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rafv 04-22-2008 01:02 PM

Spring has Sprung....
Just spent the past week on the coldest spring walking holiday ever. So it was great to get out in the warm spring sunshine and make a start on my oven. Well it was just going to be an oven but I am only the contractor and my 'client', The First lady of the Purse Strings, has other ideas. I have to redo the whole of the back yard. This is going to be a major job and she wants it finished by the time of our next holiday, the first week of July. Started digging up the flower beds and a Robin gave a helping hand taking away the odd grub and worm but was not interested in any heavy digging.
Now for the questions. When I got my fire bricks I also got quite a few of the softer fire bricks, 3" thick. Will these be OK to put under my hearth bricks for insulation.

dmun 04-22-2008 01:47 PM

Re: Spring has Sprung....
Insulating fire bricks are about the same in thermal value as vermiculite concrete. If you are using only them, you may want more than one layer, or lay them on edge.

gjbingham 04-22-2008 10:08 PM

Re: Spring has Sprung....
Thanks dmun. I held off on this one. I knew someone would jump in with a good answer.

Just make sure the bricks that you are planning to use as insulation are actually insulating firebricks. I have no idea how you tell the difference between the two types, but if they are not the correct type of brick, you're adding to your oven's themal mass without insulating the floor at all. Not a good idea. If you can't verify that these bricks are indeed insulating fire bricks vs. standard refractory firebricks, I wouldn't recommend using them.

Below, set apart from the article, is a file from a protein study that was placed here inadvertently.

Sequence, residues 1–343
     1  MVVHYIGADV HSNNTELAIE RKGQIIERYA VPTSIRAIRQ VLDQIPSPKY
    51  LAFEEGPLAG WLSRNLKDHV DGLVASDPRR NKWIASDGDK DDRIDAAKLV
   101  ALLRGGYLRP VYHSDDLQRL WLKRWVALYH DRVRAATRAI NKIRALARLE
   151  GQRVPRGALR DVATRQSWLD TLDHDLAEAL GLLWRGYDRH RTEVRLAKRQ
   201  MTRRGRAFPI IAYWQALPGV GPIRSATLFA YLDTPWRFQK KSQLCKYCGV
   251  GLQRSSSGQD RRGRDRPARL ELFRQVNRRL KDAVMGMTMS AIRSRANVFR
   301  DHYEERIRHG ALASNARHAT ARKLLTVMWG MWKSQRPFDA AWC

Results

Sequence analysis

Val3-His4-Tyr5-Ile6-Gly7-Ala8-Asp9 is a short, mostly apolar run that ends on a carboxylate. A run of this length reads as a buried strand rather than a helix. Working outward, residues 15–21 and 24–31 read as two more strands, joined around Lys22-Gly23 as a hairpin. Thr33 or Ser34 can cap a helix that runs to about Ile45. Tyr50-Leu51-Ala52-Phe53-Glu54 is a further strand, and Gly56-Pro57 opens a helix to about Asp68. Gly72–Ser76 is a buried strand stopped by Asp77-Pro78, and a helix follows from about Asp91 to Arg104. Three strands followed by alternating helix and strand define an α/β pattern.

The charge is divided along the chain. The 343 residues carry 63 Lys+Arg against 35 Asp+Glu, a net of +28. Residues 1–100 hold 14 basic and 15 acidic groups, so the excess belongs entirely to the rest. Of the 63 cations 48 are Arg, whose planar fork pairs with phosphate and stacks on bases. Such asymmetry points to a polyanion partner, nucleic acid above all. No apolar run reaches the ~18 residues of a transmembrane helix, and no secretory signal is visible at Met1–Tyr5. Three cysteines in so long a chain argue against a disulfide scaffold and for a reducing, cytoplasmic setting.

Perhaps a local mason or masonry supply shop can tell you exactly what you've got.

Frances 04-23-2008 02:47 AM

Re: Spring has Sprung....
Didn't someone test this by holding a blow torch to the brick and seeing how far the heat spread?

dmun 04-23-2008 03:44 AM

Re: Spring has Sprung....
From the brick primer:


Insulating fire brick. These light-weight refractory bricks are designed to stop heat, and as such have low conduction and low heating holding capacity. They are often used to insulate industrial equipment. A typical insulating fire brick weighs about 2 lbs, compared with an 8 lb light duty fire brick.
They are very light and very soft. You can dig your fingernail into one.

rafv 04-23-2008 05:37 AM

Re: Spring has Sprung....
Thanks all,
The fire bricks I got had been used in an electric pottery kiln and the soft bricks had been used for insulation on that. I just wondered if it was a good idea to use them under the hearth rather than waste them.
It is pouring with rain today so the digging out is on hold. I was soon found some indoor jobs and I am having a quick tea break. Yes thats right, the wife has gone shopping. Better get started again before she gets back. I hope to figure out the photo thing tonight and post some pics soon. thank for now.


gjbingham 04-23-2008 08:50 AM

Re: Spring has Sprung....
I'd defer to dmun's comments. Sounds fine if they were used as insulation in their prior life.

james 04-23-2008 10:52 AM

Re: Spring has Sprung....
Insulating bricks, the light one with lots of little air holes, would make a good insulating layer under the hearth. I wouldn't go shopping for the specifically for that purpose, as there are modern insulators that are much better, but if you have them -- go for it.

For fun, take the How do They Make Insulating Firebricks quiz:


rafv 04-25-2008 03:40 PM

Re: Spring has Sprung....
3 Attachment(s)
Spring did not last very long and I spent most of the week dodging rain showers. Rain and digging out do not mix, mud up to my eyeballs (I added the eye bit just to be polite). Dispite the rain I got most of the digging done and hope to pour the concrete footings on Monday.
The pics are of an Ash tree in the garden that needed a bit of a prune, I did it a couple of weeks ago and it is now all cut, split and drying out.

rafv 04-30-2008 02:40 PM

Re: Spring has Sprung....
5 Attachment(s)
April showers have been interupting the work but tomorrow is Mayday, I just hope someone tells the weather. I could not find a photo of my stacked wood the other night so I took another one today. I did not get the footings concreted untill last thing this afternoon. On the close up photo the white bits at the edge of the trenchs are 4 1/2 inch nails put in every 4ft with a spirt level and the ends painted white. It makes getting the concrete level very easy.

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